Grammostola spatulata – brown phase Photo Â© Animal-World: Courtesy David Brough
Naming them by their color morph appears as follows:
- Grammostola rosea – the standard
- Grammostola cala – a reddish phase
- Grammostola spatulata – brownish.
Food and Feeding
The Rose-haired Tarantula thrives in a simple enclosure. Though not necessary, this Tarantula will like a scrubland type environment and will live in a shallow burrow if provided. A piece of driftwood, cork bark, or a hollow log will work well for this. Artificial or hardy live plants and other interesting decorations can also be added to the enclosure.
Temperature and humidity requirements:
This species will do best if you maintain the enclosure at 78Â° to 82Â° F. The humidity is best kept at between 60 to 80%. This can be accomplished by including and occasionally misting some sphagnum moss or orchid bark.
A good habit to get into is cleaning up any uneaten prey items the day after feeding your tarantula as decaying organic matter commonly attracts mites, fungus, mold and other potentially harmful organisms into the enclosure. If your pet has recently molted, remove uneaten prey items immediately. Newly molted tarantulas are vulnerable until their exoskeletons hardens.
The Rose-haired Tarantula is usually active in the evening or night. They are not compatible with other spiders, even their own species, so they should be housed singly. They may be okay for a short period of time, but eventually one spider will kill the other.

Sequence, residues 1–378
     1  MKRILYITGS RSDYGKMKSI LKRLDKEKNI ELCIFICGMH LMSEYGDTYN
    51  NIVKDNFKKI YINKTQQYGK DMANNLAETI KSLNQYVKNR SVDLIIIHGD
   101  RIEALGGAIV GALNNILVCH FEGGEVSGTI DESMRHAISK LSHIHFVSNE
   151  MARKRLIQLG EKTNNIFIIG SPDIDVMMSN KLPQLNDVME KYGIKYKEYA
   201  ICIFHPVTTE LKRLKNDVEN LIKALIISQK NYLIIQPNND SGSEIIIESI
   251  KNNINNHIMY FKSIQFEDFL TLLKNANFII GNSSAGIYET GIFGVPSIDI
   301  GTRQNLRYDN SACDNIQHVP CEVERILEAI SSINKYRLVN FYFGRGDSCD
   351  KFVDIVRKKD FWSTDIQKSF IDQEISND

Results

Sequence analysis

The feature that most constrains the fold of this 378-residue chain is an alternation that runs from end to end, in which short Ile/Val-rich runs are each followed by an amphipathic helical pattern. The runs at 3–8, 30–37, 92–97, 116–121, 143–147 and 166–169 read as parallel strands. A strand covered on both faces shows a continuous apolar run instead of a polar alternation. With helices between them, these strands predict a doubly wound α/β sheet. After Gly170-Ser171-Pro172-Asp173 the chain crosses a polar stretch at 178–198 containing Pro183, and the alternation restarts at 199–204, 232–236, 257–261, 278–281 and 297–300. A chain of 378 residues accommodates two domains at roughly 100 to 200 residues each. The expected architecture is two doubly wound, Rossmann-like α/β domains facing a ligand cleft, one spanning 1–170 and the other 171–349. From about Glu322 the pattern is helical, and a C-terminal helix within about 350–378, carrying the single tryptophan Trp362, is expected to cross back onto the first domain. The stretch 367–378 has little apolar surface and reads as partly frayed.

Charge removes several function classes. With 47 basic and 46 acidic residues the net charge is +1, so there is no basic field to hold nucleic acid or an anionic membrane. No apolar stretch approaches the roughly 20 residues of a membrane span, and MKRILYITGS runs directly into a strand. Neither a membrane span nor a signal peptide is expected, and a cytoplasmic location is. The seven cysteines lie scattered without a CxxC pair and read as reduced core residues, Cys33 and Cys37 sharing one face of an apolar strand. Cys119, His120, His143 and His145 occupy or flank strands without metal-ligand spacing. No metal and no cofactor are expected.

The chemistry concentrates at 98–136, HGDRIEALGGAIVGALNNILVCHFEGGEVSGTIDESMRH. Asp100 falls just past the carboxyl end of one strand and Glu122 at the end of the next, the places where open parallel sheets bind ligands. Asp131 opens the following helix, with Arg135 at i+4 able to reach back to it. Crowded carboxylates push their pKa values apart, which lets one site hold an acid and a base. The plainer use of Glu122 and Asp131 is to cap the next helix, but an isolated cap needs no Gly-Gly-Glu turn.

This is one of the most docile species available in captive collections, easily handleable, and make wonderful pets. They may rear up when agitated and will even occasionally flick urticating hairs. After a short display, they will beat a hasty retreat or more commonly will simply walk away.
High-strung specimens will often show a dark bald patch on their abdomens from flicking away urticating hairs. Once they settle into captivity, this flicking rarely occurs and with a molt the bald patch is cleaned up and the coating of reds, oranges, browns, and pinks is restored.
You can carefully pick up these tarantulas by cupping them gently with the legs folded under their bodies. Another, gentler method is to simply place a hand out flat in front of them and gently prod the tarantula’s abdomen, forcing it to walk onto the hand. As they walk, simply place the other hand in front and have the spider walk across your hands.
Rose-haired Tarantulas have been bred in captivity for many years. Mature males have longer legs and are somewhat more fuzzy in appearance. The females seem to benefit from a cooling period of a couple of months prior to mating.
Once a mature male is produced, and he makes a sperm web, he should be introduced into the female’s enclosure. He will approach the female’s shelter cautiously, tapping and vibrating his legs. The female will be “lured” out of her burrow or shelter and the male will typically lunge forward to use his hooks to hold the female’s chelicerae and to push her into an almost upright position to give himself access to the female’s epigyne for mating. The male will insert either the left pedipalp, right pedipalp, or both alternately into the female’s epigyne and inject the fertilizing fluid into this area.